Manufacturing Processes: Which One Should You Choose?
It’s easy to think of manufacturing in terms of tropes: an automated assembly line moving at warp speed, or batch after batch of identical products being packaged by hand. But production is much more nuanced than many people realize, and there’s no prescriptive way to produce a product.
Various types of manufacturing processes are available. Understanding the differences between them is essential for not only optimal production speed but also product cost and quality. Let’s explore the five core manufacturing processes.
How it’s made
The concept of production is straightforward: turning raw materials into a finished, saleable good. But the process from point A to point B can vary significantly based on the product in question. Machining auto parts is not like producing prescription medication. As such, every manufacturer approaches the path to production differently.
Does your production process need to focus on one thing at a time? Can you produce in batches? Are there customizations to consider? Do you collaborate with customers or make a stock item? As manufacturers ask themselves these questions, the production process itself becomes clearer.
5 types of manufacturing
How do you go from raw materials to a finished product? The manufacturing system you rely on to create high-quality goods likely falls into one of the following categories:
- Continuous manufacturing. Producers who rely on continuous manufacturing processes make goods 24/7, but this is a unique system due to the state of the raw materials used. Manufacturers are not waiting for orders to roll in — they’re producing something with constant demand. Oil-refining, metal-smelting, and food-production industries typically employ this production method.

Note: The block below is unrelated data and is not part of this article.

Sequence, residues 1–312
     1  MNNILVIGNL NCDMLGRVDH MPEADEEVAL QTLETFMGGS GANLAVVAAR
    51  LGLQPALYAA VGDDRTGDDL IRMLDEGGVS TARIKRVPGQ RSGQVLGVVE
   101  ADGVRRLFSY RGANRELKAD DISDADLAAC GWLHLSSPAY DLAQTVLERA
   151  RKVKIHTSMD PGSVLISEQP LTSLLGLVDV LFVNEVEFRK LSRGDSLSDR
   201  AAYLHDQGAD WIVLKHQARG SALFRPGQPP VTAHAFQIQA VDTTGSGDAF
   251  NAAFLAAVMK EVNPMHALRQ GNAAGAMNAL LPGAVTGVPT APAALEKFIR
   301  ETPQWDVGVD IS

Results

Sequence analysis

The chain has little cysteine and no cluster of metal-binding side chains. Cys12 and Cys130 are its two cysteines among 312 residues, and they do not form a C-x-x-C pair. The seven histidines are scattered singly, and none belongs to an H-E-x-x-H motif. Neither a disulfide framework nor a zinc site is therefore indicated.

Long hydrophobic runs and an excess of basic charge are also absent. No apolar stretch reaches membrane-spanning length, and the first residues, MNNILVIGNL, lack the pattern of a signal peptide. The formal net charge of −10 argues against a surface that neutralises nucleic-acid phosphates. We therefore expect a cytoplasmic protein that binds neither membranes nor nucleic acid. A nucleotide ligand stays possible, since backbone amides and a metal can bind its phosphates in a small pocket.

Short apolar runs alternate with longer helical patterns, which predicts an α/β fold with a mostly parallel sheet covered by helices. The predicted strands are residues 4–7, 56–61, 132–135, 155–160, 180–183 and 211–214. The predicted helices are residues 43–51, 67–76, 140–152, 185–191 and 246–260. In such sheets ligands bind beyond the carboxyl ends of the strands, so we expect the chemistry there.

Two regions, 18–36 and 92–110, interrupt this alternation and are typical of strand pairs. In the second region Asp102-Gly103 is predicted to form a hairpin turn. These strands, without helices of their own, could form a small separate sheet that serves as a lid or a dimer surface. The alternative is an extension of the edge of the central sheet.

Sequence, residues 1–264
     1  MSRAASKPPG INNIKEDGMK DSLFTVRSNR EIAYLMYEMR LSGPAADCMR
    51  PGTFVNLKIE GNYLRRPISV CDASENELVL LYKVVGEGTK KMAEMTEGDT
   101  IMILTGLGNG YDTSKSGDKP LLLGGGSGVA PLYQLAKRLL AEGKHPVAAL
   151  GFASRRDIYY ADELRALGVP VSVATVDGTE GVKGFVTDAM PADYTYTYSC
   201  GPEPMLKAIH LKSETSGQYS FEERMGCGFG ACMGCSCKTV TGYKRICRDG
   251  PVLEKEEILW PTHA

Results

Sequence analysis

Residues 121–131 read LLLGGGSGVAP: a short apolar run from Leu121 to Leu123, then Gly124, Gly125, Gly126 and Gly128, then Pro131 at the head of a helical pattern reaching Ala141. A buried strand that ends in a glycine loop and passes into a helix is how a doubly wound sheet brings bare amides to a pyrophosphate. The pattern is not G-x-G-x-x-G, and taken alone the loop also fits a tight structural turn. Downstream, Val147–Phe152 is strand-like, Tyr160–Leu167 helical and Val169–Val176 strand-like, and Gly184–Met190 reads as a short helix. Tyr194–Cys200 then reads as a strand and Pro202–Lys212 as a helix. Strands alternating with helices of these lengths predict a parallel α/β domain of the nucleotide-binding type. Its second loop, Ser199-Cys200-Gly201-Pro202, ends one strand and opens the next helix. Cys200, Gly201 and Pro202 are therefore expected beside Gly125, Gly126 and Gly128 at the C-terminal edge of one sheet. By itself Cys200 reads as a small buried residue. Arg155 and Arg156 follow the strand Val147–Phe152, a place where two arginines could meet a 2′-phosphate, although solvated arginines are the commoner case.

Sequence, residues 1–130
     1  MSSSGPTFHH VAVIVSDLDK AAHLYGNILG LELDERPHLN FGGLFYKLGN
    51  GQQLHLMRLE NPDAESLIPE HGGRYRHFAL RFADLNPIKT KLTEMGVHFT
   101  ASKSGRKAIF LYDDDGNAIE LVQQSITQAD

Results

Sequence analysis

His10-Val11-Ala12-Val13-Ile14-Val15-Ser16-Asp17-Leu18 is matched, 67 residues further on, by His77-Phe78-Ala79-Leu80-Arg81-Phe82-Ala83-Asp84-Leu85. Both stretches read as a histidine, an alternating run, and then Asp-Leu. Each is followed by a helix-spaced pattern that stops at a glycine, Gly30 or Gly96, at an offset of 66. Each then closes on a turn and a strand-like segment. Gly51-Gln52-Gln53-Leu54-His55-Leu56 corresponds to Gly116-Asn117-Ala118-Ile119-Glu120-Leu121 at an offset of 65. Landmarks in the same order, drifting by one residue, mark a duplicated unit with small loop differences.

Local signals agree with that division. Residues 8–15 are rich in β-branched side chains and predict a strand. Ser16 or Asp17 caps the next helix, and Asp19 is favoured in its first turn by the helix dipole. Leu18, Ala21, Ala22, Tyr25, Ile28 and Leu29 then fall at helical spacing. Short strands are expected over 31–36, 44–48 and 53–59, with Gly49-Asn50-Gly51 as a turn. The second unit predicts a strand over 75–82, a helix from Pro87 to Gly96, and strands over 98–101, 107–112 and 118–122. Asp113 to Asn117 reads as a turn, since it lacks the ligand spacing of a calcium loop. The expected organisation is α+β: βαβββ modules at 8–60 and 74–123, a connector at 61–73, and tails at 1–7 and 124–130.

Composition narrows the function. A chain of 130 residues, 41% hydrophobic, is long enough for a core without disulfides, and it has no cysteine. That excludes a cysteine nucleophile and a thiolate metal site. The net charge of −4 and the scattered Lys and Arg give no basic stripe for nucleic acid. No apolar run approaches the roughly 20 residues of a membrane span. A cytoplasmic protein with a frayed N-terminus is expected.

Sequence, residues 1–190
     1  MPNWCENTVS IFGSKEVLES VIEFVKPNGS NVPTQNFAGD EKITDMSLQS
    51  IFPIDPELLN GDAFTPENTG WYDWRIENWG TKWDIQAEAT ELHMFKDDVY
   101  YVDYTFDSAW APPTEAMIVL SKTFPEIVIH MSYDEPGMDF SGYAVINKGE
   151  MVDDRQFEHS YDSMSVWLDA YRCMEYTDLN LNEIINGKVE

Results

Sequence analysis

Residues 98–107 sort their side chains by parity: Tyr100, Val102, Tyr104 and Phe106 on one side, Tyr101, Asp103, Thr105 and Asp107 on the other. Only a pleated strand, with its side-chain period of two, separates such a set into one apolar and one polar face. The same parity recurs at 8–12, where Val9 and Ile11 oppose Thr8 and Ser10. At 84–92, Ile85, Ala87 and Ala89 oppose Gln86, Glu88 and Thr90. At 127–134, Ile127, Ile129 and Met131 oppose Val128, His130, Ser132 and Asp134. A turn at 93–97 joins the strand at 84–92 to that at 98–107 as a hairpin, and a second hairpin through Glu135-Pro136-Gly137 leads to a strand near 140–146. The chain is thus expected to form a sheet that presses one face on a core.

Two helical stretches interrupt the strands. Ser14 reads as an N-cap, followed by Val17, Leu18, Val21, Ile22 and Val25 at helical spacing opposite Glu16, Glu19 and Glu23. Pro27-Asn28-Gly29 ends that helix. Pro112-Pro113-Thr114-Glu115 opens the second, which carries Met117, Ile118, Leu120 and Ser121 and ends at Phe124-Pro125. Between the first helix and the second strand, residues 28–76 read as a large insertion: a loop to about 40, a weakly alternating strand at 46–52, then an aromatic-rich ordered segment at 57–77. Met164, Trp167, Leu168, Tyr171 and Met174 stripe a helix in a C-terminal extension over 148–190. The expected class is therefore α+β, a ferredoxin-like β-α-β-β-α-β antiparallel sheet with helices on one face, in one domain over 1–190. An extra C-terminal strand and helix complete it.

- Discrete manufacturing. This diverse manufacturing system utilizes an assembly line to allow for various setups and frequent changeovers. Companies using discrete manufacturing methods often make vastly different items, requiring setup and teardown of lines and equipment. Producers of furniture, airplane parts, toys, and electronic goods normally use discrete manufacturing systems.
- Job shop manufacturing. This manufacturing method relies on production areas rather than assembly lines and produces smaller batches of products. If consumer demand requires it, these production areas can be transformed into lines to enable discrete manufacturing. Often, manufacturers who make custom parts for other manufacturers use a job shop system of production.
- Batch manufacturing. A blend of discrete and job shop processes, batch manufacturing creates batches of products and preps the equipment before the next run. Batches tend to meet unique criteria and specifications and are highly traceable against these standards. Chemical, pharmaceutical, and clothing companies frequently employ batch manufacturing, since they produce multiple goods on the same set of equipment.
- Repetitive manufacturing. If you produce the same or similar types of items year-round, it’s usually best to follow a repetitive manufacturing strategy. This system uses dedicated production lines to increase or decrease speed and meet customer demands or other requirements. Industries utilizing repetitive manufacturing systems include automotive products, electronic goods, and durable goods.
One size doesn’t fit all
Selecting the right manufacturing process will depend on the product you’re making. Different processes have different considerations. Overall, you must choose the best option for getting the highest-quality product to your customer in a profitable way.
Remember, production is only part of the equation. You also need to manage orders effectively and ensure your equipment is ready to meet current demand — consistent with your ability to maintain quality.